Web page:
Terminal Island is connected to the mainland via four bridges.[23] To the west, the distinctive green Vincent Thomas Bridge, the fourth-longest suspension bridge in California, connects it with the Los Angeles neighborhood of San Pedro. The Long Beach International Gateway, the longest cable-stayed bridge in California, connects the island with downtown Long Beach to the east. The Commodore Schuyler F. Heim Bridge joins Terminal Island with the Los Angeles neighborhood of Wilmington to the north. Adjacent to the Heim Bridge is a rail bridge called the Henry Ford Bridge, or the Badger Avenue Bridge.[23]

In popular culture

Terminal Island is the setting at the start of The Terror: Infamy, season 2 of the AMC series, The Terror, before the Japanese American residents are relocated to internment camps following the bombing of Pearl Harbor,[24][25] and at the end.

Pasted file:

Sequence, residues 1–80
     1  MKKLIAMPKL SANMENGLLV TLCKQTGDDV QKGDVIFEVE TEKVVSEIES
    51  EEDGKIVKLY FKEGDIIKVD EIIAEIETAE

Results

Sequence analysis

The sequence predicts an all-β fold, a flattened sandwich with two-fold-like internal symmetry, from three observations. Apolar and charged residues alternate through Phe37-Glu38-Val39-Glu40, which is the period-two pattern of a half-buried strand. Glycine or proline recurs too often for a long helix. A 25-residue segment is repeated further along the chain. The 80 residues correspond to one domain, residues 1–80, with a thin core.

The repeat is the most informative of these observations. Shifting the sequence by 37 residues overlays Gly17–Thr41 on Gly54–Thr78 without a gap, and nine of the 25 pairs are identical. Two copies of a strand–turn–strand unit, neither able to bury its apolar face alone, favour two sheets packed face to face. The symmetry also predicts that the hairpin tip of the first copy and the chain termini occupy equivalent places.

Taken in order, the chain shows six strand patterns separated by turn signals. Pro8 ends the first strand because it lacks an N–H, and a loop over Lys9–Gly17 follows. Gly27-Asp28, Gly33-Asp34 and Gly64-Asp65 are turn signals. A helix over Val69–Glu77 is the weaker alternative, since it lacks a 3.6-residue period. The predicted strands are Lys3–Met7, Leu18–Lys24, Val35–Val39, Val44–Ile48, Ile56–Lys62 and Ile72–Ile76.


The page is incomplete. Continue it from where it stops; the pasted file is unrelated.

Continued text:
Terminal Island is also the setting of the first truck heist scene in the film The Fast and the Furious.

The Tri-Union Cannery on Terminal Island was featured in Visiting... with Huell Howser Episode 422.[26]

A scene in American writer Neal Stephenson’s science fiction novel Snow Crash (1992) takes place on Terminal Island.

See also


  1. ^ "Map | Wilmington Neighborhood Council". Retrieved 2020-09-11.
  2. ^ a b Laura Pulido; Laura Barraclough; Wendy Cheng (24 March 2012). A People's Guide to Los Angeles. University of California Press. p. 250. ISBN 978-0-520-95334-5. Retrieved 16 August 2012.
  3. ^ Gerrie Schipske (31 October 2011). Early Long Beach. Arcadia Publishing. p. 93. ISBN 978-0-7385-7577-3. Retrieved 16 August 2012.
  4. ^ "Los Angeles Harbor Communities | History | Port of Los Angeles". www.portoflosangeles.org. Retrieved 2020-09-11.